From Tom Hay
Architect Julian Hunt has grand plans for the former trolley tunnels that run under Connecticut Avenue and Dupont Circle NW.
Hunt, who lives in the Dupont Circle neighborhood, presented the vision of the non-profit Arts Coalition for Dupont Underground (ACDU) to the public on Wednesday night. ACDU was one of two respondents to a request for proposal issued by the Office the Deputy Mayor for Planning and Economic Development (DMPED) in March 2010.
The other submission, a winery, was deemed unresponsive to the specifications of the RFP, although ACDU may include space for them in the concessions area of their plans.
Right Team at Right Time
Hunt opened the presentation by saying he believes that the ACDU proposal has “cut the Gordian knot” on bringing the underground back to life. Indeed the Coalition has assembled an impressive team of developers, architects and contractors. Each group spoke of their credentials and dedication to the project. Among the notable projects on their resumes are The Phillips Collection, The Spy Museum and GALA Hispanic Theatre.
The tunnels have seen various attempts at revitalization. In the 1990s the space became a food court, but failed after a year. In recent years suggested uses for the space have included retail, a bike station and even a new home for adult-themed clubs that were displaced by Nationals Stadium.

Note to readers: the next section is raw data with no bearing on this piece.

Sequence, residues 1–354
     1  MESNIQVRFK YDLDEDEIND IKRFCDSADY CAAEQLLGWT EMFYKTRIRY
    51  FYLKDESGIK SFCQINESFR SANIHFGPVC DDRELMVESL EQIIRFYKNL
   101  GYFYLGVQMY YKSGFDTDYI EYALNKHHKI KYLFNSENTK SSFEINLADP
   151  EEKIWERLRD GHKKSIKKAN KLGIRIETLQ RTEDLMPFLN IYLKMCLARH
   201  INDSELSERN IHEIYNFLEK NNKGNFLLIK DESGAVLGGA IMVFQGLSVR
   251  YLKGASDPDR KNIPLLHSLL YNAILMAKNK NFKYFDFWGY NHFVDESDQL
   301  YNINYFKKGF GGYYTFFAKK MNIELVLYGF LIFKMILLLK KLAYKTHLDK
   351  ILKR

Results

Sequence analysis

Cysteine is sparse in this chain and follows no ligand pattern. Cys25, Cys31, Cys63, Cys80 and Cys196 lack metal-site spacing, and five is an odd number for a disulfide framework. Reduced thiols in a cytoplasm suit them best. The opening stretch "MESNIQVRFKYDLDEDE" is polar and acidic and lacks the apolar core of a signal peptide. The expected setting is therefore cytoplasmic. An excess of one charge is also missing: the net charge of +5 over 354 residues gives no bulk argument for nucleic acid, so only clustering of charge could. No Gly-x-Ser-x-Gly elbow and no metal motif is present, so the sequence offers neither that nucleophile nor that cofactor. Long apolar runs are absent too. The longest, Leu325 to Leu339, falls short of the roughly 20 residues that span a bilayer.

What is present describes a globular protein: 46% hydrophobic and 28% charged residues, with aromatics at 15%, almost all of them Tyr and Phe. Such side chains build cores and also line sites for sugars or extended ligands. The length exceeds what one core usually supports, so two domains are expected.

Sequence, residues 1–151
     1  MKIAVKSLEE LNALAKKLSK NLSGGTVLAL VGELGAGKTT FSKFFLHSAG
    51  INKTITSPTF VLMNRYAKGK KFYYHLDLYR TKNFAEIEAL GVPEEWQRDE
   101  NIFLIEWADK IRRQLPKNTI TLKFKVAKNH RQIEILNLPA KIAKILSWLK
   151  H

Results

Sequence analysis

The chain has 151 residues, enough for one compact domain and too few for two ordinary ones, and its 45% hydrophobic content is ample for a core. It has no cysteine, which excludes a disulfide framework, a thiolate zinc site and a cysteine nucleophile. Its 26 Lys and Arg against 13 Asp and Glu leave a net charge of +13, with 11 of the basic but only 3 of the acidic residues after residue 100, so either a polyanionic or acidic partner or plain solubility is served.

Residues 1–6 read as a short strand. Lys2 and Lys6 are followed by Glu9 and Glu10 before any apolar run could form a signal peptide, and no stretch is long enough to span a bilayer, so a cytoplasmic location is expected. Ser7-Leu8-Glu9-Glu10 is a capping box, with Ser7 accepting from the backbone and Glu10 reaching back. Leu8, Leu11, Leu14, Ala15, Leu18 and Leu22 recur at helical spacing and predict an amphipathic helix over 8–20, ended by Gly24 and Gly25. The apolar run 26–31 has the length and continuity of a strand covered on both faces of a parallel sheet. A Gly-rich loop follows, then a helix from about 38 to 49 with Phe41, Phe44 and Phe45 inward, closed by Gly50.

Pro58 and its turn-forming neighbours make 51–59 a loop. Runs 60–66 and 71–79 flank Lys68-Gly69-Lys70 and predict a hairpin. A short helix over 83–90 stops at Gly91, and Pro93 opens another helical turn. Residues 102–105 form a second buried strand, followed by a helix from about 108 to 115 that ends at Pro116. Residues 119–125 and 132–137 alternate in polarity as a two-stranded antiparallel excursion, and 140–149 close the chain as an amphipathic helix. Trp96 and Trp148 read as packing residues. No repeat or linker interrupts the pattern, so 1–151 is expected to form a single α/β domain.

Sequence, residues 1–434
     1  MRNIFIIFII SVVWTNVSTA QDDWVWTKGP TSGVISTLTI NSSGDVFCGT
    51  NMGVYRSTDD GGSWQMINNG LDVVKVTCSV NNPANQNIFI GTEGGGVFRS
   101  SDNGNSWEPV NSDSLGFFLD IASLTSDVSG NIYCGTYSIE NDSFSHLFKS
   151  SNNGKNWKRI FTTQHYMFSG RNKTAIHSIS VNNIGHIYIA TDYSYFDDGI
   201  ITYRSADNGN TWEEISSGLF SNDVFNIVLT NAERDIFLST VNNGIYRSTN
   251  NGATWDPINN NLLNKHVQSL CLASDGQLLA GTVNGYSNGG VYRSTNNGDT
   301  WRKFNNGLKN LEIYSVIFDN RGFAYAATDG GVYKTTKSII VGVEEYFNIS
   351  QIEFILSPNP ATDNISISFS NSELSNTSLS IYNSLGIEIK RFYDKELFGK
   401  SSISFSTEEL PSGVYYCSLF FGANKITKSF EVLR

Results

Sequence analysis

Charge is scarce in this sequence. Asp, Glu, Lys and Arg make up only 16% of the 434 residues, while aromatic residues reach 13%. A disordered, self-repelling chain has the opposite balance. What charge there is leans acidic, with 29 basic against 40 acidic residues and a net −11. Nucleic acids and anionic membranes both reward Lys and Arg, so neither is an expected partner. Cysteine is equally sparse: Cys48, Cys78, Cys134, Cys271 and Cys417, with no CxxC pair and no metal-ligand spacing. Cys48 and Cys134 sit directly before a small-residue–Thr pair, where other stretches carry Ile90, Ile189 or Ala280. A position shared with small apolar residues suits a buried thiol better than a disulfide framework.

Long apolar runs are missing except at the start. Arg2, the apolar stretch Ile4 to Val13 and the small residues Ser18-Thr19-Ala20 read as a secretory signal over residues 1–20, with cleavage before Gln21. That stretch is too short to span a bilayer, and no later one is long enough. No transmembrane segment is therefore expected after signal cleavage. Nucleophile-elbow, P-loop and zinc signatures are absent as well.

The ACDU team hopes to make the Dupont Underground an internationally recognized arts venue.
The team also sees the revitalization as having a catalyzing effect in terms of elevating the profile of Dupont Circle and DC. Renderings of the space show stylish galleries displaying art as well as artist studios.
No Financing from DC Government
ACDU plans to raise funds through loans, philanthropy, fundraising and grants.
The first stage of the project would encompass 40,000 sq. feet and has a 2013 target date. A $10 million figure for that phase was suggested during the question and answer period. The second stage would cover the remaining 60,000 sq. feet and open two years later.
Their proposal does not include any funding from the DC Government. According to Jose Sousa, a project manager with the Deputy Mayor’s Office, the space is owned by the National Park Service and the District of Columbia has jurisdiction over sub-leases.
The public comment period will continue till the end of November. The Deputy Mayor’s office will then review the comments and further examine the viability of the project before reaching a decision and presenting it to the DC Council.